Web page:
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Health Education


Public Health Education offers information on a variety of health topics and can help you locate reliable sources of health information.  We can assist you in locating certain health statistics.  We also collaborate with other agencies on grant applications related to public health.


Display items are available for loan to community groups, churches, businesses, and health fairs.  We can help you start a wellness policy or program for your business.  We are happy to partner with others in the community on projects and events that will improve the health of our citizens.


For more information about public health, visit these websites:

Center for Disease Control

Kansas Department of Health and Environment

National Association of County & City Health Officials

Healthy People 2010

United States Department of Health & Human Services


Emergency Preparadness

Emergency Preparedness works with Saline County Emergency Management and other public and private organizations to coordinate and plan for community response to public health emergencies such as pandemic flu, bioterrorism, disease outbreaks, and other natural disasters.  We set up training, drills, and community-wide disease surveillance systems.


For more information on individual and workplace pandemic flu preparedness, go to:

Chronic Disease Prevention

Health Promotion & Wellness places an emphasis on preventing chronic disease through increased physical activity, healthy diet, and tobacco avoidance.  We partner with many community coalitions, schools, and wellness programs, including the Saline County Tobacco Use Prevention Program, Pound Plunge, Go Red for Women, Salina Senior Games, Back to School Fair, American Heart Association, American Cancer Society, and others to reduce the incidence of heart disease, cancer, diabetes, obesity, and other chronic illnesses.


We all need to work together to create healthy environments that support healthy behavior choices.  This can happen through a variety of activities: personal initiative at home, organized sports, and even policy developments and programs in the community and workplace.


Changing from unhealthy habits to healthy ones is sometimes difficult, but the benefits of good health are worth it.  Eating better, moving more and quitting tobacco use can help to prevent the leading cause of death, suffering, and health care costs.  Take charge of your health!


Start improving your health today with your free copy of Checkup: The Complete Personal Health Manager.  Checkup is a software program that helps track your health information securely on your personal computer.  Try it – it’s free to all Kansans!


Five Minutes or Less for Health


For more information on chronic disease prevention, visit these websites:

American Heart Association

American Cancer Society Workplace Solutions

Why Wellness

Health care costs are rising.

In 2007, health care spending in the United States (US) reached $2.3 trillion, and is projected to reach $3 trillion in 2011.  Health care spending is projected to reach $4.2 trillion by 2016.  (Source: The National Coalition on Health Care)

Children and adults are overweight and obese

61% of Kansans are overweight or obese and 24% of Kansans are obese

Preventable diseases are rising

The Center for Disease Control and Prevention (CDC) reports preventable lifestyles-related illnesses account for 70-90% of all health care costs.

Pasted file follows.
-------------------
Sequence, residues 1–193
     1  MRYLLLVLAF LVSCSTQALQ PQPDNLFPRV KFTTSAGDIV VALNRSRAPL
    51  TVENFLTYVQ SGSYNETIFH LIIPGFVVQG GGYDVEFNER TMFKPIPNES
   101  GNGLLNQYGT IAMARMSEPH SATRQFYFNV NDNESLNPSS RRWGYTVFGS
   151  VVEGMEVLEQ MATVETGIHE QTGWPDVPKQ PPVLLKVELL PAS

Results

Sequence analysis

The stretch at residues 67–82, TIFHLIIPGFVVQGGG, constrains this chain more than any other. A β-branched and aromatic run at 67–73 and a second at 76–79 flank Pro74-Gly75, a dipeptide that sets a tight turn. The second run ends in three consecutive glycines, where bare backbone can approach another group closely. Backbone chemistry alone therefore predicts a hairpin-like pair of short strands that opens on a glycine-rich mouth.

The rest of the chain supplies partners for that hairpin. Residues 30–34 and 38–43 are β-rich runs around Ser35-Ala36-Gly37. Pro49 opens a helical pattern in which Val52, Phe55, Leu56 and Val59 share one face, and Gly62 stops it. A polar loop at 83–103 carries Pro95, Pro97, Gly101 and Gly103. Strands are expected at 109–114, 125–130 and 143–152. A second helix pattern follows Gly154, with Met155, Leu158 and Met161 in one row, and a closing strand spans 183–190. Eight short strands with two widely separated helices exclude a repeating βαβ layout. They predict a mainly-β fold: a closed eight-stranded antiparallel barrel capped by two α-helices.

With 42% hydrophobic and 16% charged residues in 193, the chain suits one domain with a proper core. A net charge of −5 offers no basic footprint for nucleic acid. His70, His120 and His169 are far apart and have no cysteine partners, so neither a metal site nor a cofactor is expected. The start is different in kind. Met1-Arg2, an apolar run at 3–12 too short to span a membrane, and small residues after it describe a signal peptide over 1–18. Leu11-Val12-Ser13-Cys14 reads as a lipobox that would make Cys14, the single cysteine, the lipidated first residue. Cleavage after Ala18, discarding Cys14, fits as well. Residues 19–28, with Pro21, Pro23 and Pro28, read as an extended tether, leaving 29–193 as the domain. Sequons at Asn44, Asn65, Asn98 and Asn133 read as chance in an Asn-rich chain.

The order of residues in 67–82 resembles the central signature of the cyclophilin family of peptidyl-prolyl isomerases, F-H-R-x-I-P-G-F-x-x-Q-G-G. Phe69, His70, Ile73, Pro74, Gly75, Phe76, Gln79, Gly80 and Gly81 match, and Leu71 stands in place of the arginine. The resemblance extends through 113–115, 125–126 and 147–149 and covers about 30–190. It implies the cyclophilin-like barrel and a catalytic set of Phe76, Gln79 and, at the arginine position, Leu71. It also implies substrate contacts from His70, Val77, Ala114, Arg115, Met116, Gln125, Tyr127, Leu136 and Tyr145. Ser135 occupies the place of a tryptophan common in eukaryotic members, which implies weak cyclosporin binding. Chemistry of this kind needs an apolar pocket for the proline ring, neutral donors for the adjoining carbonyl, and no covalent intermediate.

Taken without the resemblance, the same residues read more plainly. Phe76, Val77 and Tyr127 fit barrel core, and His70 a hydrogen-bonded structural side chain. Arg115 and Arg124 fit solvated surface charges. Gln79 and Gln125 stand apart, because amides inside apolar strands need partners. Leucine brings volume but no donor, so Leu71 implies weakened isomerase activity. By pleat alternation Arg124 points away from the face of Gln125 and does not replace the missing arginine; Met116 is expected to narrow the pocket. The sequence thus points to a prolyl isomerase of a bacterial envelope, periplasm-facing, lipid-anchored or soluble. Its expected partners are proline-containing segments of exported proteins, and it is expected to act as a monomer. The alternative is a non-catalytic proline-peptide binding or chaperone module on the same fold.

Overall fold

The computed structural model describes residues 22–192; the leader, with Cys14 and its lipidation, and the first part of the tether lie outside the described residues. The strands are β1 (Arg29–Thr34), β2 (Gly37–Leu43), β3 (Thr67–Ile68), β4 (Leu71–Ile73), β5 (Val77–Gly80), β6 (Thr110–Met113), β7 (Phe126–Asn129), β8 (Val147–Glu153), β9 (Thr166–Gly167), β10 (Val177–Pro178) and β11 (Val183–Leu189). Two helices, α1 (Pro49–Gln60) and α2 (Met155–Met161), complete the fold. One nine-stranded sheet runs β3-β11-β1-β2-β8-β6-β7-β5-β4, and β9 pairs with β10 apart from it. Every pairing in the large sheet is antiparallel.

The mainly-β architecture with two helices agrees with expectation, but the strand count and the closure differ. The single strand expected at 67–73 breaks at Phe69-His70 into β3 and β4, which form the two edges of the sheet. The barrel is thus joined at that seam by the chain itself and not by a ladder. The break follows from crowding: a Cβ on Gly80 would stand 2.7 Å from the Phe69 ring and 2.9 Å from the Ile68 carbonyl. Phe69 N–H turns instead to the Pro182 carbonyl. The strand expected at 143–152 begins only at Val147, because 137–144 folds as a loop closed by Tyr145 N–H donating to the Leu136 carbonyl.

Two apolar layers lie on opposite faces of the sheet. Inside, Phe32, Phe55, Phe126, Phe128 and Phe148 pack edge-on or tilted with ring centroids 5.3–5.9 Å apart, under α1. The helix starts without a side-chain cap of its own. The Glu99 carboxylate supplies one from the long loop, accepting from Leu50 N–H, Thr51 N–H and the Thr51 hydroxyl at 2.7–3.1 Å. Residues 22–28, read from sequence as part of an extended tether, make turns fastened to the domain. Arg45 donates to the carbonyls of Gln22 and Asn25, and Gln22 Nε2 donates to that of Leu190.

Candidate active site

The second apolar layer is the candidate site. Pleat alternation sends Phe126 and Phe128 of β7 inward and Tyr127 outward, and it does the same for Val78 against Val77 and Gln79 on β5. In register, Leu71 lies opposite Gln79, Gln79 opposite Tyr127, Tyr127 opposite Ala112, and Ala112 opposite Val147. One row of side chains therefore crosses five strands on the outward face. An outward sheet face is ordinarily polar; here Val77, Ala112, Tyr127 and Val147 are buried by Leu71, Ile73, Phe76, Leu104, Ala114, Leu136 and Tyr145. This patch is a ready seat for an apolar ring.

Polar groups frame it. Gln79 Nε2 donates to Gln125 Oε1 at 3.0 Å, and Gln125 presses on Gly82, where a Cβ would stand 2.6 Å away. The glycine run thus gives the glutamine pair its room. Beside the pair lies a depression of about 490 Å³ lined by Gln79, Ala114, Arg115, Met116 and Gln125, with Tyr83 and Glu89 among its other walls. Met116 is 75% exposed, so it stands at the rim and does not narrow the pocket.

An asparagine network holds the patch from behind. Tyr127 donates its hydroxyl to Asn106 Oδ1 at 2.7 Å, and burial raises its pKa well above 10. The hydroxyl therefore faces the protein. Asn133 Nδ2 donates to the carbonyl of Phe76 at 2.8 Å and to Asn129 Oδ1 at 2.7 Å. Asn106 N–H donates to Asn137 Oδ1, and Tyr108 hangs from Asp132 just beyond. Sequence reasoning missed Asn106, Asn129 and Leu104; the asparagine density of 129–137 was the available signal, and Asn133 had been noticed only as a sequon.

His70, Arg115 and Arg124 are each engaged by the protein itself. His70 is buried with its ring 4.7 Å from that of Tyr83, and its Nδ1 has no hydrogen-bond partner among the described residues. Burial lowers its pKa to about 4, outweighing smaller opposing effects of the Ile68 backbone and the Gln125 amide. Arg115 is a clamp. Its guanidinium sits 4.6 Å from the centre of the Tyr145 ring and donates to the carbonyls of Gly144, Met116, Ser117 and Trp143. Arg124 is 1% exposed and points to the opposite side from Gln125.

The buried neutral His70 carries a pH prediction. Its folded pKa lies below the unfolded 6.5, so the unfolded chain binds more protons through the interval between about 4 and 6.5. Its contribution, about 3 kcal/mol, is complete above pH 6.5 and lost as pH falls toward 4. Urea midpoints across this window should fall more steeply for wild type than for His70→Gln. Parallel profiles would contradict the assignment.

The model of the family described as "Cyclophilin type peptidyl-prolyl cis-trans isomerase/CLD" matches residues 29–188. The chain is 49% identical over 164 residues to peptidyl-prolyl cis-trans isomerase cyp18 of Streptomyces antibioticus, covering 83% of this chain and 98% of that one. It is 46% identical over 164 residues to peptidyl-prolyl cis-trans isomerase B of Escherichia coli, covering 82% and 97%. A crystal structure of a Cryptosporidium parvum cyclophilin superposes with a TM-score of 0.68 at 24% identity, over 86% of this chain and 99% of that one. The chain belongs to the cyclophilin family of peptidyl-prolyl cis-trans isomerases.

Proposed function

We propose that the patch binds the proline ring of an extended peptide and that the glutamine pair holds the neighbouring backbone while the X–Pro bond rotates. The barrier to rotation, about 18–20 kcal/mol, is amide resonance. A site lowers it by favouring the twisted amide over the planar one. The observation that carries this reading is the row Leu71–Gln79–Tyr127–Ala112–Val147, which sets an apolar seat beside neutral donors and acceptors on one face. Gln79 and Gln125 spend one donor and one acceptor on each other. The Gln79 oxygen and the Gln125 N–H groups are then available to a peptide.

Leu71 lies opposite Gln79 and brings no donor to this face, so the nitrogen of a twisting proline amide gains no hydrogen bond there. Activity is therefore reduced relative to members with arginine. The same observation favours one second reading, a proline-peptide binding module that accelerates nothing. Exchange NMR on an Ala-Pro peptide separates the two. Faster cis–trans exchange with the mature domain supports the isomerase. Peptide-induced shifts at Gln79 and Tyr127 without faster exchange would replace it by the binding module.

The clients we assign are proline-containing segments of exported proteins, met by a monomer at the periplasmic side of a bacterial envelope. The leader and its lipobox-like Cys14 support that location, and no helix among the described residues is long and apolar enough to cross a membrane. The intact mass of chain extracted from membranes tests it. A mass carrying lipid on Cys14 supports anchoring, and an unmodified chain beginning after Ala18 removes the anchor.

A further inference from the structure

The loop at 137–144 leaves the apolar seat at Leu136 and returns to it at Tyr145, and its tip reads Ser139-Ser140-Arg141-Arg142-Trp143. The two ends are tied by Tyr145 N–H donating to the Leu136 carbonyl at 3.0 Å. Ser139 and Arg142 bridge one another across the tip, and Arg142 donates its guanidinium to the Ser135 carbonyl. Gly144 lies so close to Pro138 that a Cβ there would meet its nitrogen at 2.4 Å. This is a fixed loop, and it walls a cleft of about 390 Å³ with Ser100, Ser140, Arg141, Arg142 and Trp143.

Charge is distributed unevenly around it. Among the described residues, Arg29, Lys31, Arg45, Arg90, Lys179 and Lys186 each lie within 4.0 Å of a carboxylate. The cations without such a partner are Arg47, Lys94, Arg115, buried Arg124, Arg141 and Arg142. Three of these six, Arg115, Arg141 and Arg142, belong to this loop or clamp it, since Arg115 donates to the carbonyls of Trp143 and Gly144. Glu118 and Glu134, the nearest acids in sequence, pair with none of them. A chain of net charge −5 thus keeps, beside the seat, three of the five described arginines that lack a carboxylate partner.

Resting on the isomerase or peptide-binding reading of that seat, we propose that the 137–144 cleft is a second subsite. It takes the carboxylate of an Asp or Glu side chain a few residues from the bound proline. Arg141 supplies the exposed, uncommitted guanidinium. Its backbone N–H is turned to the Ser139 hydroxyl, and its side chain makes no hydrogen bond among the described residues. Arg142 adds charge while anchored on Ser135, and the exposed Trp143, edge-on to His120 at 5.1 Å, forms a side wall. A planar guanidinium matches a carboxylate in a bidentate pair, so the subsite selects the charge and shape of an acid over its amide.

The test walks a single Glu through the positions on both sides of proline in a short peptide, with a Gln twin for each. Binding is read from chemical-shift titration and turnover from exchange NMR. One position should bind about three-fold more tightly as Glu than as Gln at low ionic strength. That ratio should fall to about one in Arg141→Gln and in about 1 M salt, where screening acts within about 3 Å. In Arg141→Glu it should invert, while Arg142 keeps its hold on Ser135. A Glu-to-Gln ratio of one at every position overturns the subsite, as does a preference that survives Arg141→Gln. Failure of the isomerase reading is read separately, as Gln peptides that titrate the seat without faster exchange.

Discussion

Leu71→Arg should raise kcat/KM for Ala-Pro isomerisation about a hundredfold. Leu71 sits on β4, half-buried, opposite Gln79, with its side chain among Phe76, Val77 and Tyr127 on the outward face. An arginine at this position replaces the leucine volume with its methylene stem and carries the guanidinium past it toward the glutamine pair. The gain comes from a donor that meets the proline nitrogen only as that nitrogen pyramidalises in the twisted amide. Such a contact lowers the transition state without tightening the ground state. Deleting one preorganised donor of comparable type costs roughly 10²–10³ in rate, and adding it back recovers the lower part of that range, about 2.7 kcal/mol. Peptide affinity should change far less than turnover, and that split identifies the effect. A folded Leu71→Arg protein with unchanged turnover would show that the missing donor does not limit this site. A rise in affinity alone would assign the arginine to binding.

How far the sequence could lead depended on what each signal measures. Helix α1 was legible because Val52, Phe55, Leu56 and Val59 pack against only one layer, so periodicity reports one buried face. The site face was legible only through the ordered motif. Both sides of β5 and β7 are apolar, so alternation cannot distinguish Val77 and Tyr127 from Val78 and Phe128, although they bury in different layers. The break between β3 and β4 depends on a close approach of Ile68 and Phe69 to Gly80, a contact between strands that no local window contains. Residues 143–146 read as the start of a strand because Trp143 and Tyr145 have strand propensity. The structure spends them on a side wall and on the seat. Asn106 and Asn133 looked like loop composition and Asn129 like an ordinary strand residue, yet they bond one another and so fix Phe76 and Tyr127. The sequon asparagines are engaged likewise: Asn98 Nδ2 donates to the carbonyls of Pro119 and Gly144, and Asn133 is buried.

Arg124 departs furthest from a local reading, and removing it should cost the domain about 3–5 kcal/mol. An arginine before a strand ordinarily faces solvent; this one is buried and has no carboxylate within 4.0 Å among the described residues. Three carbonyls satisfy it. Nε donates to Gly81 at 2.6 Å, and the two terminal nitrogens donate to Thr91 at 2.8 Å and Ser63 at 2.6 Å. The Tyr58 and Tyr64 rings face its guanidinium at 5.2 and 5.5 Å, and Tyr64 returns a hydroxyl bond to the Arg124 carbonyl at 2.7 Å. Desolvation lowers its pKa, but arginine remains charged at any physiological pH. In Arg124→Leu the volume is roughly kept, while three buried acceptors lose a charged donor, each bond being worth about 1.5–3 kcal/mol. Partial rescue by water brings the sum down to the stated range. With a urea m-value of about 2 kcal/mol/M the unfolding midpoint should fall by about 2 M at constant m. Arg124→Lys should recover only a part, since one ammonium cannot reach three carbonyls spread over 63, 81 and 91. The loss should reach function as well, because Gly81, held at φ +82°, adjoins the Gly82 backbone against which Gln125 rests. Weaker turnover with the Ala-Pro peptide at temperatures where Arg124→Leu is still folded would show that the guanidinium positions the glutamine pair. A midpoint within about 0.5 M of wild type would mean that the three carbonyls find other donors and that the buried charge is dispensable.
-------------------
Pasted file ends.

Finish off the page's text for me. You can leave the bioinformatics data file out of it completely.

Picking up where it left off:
The Reality and Cost of Obesity


Only about ¼ of adults in the US eat the recommended servings of fruits and vegetables each day.

Obesity rates have increased by more than 60% among adults in the last 10 years – 25% of the adult population is obese.

More than 60% of adults do not get enough physical activity.

In Kansas in 1995, 15% to 19% were obese; in 2001, this number climbed to 20% to 24%.


Children & Young Adults:

More than 60% of young people eat too much fat, and less than 20% eat the recommended servings of fruits and vegetables each day.

Children and young adults who are overweight are more likely to be overweight or obese as adults.

Almost 16% of our children and young adults are overweight.  The CDC have estimated that 1 in 3 children will develop diabetes in their lifetime.



In 2000, the total cost of obesity in the US was estimated to be $117 billion (Source: US Department of Health and Human Services).

The lifetime medical costs of heart-related diseases (hypertension, diabetes, heart disease, stroke, high cholesterol) are approximately $10,000 higher for those moderately obese (than among people at healthy weight).

Increased physical activity reduces illnesses associated with obesity, which helps reduce long-term medical costs. 

Preventable illness accounts for 70% of the burden of illness and its associated costs.


For more information about obesity, visit these websites:

WE CAN, Ways to Enhance Children’s Activity & Nutrition

National Heart Lung and Blood Institute Obesity Education Initiative

Kansas Department of Health and Environment Office of Health Promotion


Physical activity and nutrition guidelines:

The United States Department of Agriculture (USDA) has developed the “My Pyramid” program to help you choose the foods, amounts and physical exercise that are right for you. 


The 3 goals through the pyramid system help you:

Make smart choices from every food group; and

Find your balance between food and physical activity; and

Get the most nutrition out of your calories.


Healthy Eating:

Emphasizes fruits, vegetables, whole grains, fat-free or low-fat milk, and milk products.

Includes lean meats, poultry fish, beans, eggs, and nuts.